David M. Haaland

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Hyperspectral confocal fluorescence imaging provides the opportunity to obtain individual fluorescence emission spectra in small ( approximately 0.03-microm(3)) volumes. Using multivariate curve resolution, individual fluorescence components can be resolved, and their intensities can be calculated. Here we localize, in vivo, photosynthesis-related pigments(More)
Crosslinking of IgE-bound FcepsilonRI triggers mast cell degranulation. Previous fluorescence recovery after photobleaching (FRAP) and phosphorescent anisotropy studies suggested that FcepsilonRI must immobilize to signal. Here, single quantum dot (QD) tracking and hyperspectral microscopy methods were used for defining the relationship between receptor(More)
Noninvasive monitoring of blood/tissue glucose concentrations has been successfully accomplished in individual diabetic subjects by using near-infrared (NIR) spectroscopy coupled with chemometric methods. Three different spectrometer configurations were tested: a) a Fourier-transform infrared spectrometer with an indium antimonide detector; b) a grating(More)
We have developed a new, high performance, hyperspectral microscope for biological and other applications. For each voxel within a three-dimensional specimen, the microscope simultaneously records the emission spectrum from 500 nm to 800 nm, with better than 3 nm spectral resolution. The microscope features a fully confocal design to ensure high spatial(More)
Hyperspectral confocal fluorescence microscopy, when combined with multivariate curve resolution (MCR), provides a powerful new tool for improved quantitative imaging of multi-fluorophore samples. Generally, fully non-negatively constrained models are used in the constrained alternating least squares MCR analyses of hyperspectral images since real emission(More)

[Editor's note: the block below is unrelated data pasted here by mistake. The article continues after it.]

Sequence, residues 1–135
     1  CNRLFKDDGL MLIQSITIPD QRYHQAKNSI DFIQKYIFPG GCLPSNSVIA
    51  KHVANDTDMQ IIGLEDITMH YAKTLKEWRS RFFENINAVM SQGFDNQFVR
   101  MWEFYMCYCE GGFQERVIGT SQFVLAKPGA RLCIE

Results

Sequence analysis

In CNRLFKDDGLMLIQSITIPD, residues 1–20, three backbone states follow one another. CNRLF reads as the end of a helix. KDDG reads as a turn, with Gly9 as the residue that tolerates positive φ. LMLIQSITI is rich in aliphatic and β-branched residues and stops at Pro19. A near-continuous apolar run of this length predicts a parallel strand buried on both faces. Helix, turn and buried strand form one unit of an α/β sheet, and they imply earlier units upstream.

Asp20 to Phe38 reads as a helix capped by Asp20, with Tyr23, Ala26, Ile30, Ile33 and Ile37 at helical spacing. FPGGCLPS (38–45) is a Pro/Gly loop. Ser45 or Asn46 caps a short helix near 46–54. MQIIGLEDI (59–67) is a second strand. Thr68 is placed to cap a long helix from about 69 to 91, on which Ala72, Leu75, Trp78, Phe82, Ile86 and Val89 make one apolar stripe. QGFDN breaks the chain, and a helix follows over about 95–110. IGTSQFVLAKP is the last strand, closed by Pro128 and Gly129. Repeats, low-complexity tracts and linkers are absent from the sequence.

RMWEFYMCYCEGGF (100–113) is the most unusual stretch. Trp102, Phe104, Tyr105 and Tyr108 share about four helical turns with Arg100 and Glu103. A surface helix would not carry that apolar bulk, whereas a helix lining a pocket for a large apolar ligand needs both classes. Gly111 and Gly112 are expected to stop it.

Microarray analysis is a critically important technology for genome-enabled biology, therefore it is essential that the data obtained be reliable. Current software and normalization techniques for microarray analysis rely on the assumption that fluorescent background within spots is essentially the same throughout the glass slide and can be measured by(More)
We describe the design, construction, and operation of a hyperspectral microarray scanner for functional genomic research. The hyperspectral instrument operates with spatial resolutions ranging from 3 to 30 microm and records the emission spectrum between 490 and 900 nm with a spectral resolution of 3 nm for each pixel of the microarray. This spectral(More)
The U.S. Department of Energy recently announced the first five grants for the Genomes to Life (GTL) Program. The goal of this program is to "achieve the most far-reaching of all biological goals: a fundamental, comprehensive, and systematic understanding of life." While more information about the program can be found at the GTL website(More)
Commercial microarray scanners and software cannot distinguish between spectrally overlapping emission sources, and hence cannot accurately identify or correct for emissions not originating from the labeled cDNA. We employed our hyperspectral microarray scanner coupled with multivariate data analysis algorithms that independently identify and quantitate(More)
Multivariate curve resolution (MCR) using constrained alternating least squares algorithms represents a powerful analysis capability for the quantitative analysis of hyperspectral image data. We will demonstrate the application of MCR using data from a new hyperspectral fluorescence imaging microarray scanner for monitoring gene expression in cells from(More)